All businesses must be prepared to deal with any unforeseen circumstances that could disrupt operations and derail their goals. One often unforeseen method for doing this is keeping an extra workstation on-hand, just in case a worker needs to use it. By doing so, you can prevent downtime and improve the way your business handles maintenance.
This is actually a common recommendation that can be seen in most business continuity plans. The general idea is that you have a terminal ready to use at any given moment, like when an employee’s regular workstation is undergoing maintenance or is out of commission from a hardware failure. After all, if they can’t work, they’ll just be standing around and wasting time, along with your payroll.
Consider, for a moment, how much money is lost from downtime. First, you have to fix the workstation. Then, add in the amount of time that the employee wasted by not working. Both of these problems can immediately be fixed if you have an extra workstation in your office somewhere. Keep in mind that your spare PC doesn’t have to be a brand-new machine with impressive specs and all of the bells and whistles. All you need is a basic computer that has enough resources to run your mission-critical applications.
Plus, obtaining a spare PC for your business doesn’t have to be difficult. Chances are that, if yours is a growing company, you’ll be experiencing plenty of hardware refreshes over the next few months. In this case, there’s no point in getting rid of a completely functional workstation. Instead, you can keep it on-site in the event of an emergency, as long as it’s in proper working order.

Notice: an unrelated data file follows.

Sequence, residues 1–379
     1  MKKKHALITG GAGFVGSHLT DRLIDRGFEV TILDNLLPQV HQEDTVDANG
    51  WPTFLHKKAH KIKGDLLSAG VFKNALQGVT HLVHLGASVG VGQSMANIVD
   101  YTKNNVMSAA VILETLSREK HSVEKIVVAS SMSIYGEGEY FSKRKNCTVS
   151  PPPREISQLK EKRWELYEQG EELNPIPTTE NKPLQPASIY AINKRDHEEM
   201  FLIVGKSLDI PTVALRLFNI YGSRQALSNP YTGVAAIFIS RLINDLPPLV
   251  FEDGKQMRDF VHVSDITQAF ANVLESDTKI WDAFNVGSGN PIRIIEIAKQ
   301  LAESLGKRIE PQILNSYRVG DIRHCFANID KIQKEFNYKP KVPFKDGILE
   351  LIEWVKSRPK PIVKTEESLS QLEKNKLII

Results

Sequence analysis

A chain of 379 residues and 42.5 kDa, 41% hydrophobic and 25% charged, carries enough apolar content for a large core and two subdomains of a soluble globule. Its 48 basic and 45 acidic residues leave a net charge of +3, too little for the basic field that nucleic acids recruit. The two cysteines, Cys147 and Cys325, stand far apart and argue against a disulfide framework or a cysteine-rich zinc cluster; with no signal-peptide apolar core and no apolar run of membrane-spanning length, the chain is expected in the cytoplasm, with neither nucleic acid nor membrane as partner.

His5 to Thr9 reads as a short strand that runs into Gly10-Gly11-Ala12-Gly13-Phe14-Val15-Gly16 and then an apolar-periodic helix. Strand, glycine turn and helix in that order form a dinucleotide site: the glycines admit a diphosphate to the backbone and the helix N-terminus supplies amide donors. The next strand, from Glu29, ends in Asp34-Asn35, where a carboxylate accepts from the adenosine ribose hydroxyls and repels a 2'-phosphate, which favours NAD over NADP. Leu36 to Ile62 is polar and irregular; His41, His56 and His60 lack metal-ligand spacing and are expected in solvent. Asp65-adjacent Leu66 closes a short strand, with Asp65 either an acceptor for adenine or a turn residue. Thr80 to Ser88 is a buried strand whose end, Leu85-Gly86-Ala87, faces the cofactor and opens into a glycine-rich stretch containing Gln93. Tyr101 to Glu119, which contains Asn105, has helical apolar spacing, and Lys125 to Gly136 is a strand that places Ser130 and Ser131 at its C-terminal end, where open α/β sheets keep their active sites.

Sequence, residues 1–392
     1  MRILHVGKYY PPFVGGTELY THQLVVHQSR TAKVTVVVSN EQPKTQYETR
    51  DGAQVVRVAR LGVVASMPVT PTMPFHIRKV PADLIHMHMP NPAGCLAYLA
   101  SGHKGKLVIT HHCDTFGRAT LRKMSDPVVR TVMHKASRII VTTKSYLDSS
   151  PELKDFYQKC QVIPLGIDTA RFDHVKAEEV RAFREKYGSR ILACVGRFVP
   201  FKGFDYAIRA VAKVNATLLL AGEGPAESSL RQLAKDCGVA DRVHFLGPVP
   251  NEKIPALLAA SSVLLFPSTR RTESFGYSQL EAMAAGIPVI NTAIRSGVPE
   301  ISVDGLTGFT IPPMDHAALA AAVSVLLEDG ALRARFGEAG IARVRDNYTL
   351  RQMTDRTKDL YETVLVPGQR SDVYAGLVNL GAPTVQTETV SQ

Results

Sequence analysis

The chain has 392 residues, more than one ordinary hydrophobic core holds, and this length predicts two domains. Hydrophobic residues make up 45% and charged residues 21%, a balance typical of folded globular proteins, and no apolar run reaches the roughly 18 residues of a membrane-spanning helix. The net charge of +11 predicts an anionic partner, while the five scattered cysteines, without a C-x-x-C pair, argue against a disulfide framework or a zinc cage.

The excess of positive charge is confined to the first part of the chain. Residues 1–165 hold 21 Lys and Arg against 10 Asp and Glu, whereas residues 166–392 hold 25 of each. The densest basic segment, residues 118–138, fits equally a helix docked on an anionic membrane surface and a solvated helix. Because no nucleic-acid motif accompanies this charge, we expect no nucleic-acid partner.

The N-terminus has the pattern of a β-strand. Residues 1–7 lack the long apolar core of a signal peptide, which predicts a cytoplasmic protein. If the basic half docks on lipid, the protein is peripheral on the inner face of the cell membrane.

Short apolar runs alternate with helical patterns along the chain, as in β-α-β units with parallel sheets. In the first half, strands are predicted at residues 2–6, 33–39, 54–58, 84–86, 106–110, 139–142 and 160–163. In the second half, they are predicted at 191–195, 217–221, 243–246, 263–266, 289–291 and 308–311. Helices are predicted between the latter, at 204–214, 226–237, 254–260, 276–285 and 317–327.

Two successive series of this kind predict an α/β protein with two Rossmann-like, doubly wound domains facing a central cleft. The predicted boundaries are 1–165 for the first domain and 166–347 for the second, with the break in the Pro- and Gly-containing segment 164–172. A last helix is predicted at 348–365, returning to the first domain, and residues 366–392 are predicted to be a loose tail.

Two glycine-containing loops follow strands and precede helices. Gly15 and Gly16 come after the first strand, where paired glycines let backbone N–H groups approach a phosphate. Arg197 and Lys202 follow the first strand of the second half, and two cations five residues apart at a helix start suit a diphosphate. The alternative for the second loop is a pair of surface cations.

However, if you’re a small startup, you may not have the luxury of regular hardware refreshes. You’ll probably have to purchase a new computer just to have an extra one on-hand. In cases like this, we again want to reiterate that you don’t need to purchase anything high-end. All you need is a spare PC.
While you’re switching out workstations, we want to remind you that it’s generally a best practice to store all of your work-related files and applications over a company server or cloud infrastructure. This helps you keep all of your information in one place, and can help to keep a project moving forward. All you’ll need to do is unplug one computer and swap it with the new one. The idea is to minimize the data that’s stored locally on your computer; that way, you don’t have to worry about an untimely hardware failure wiping out your data. All you’ll need is something like a thin client, which can access data and applications stored on your network, and is much more affordable than a full-fledged workstation.
On the other end of the spectrum you have BYOD, or Bring Your Own Device. This trend can let your employees bring their own devices to the office for use on your company network. However, it’s important to remember that you shouldn’t let these devices run wild on your network. Be sure to secure them with a BYOD policy and a mobile device management system. For the employees who might not have a laptop that they can work on, it’s still a good idea to keep a spare PC around.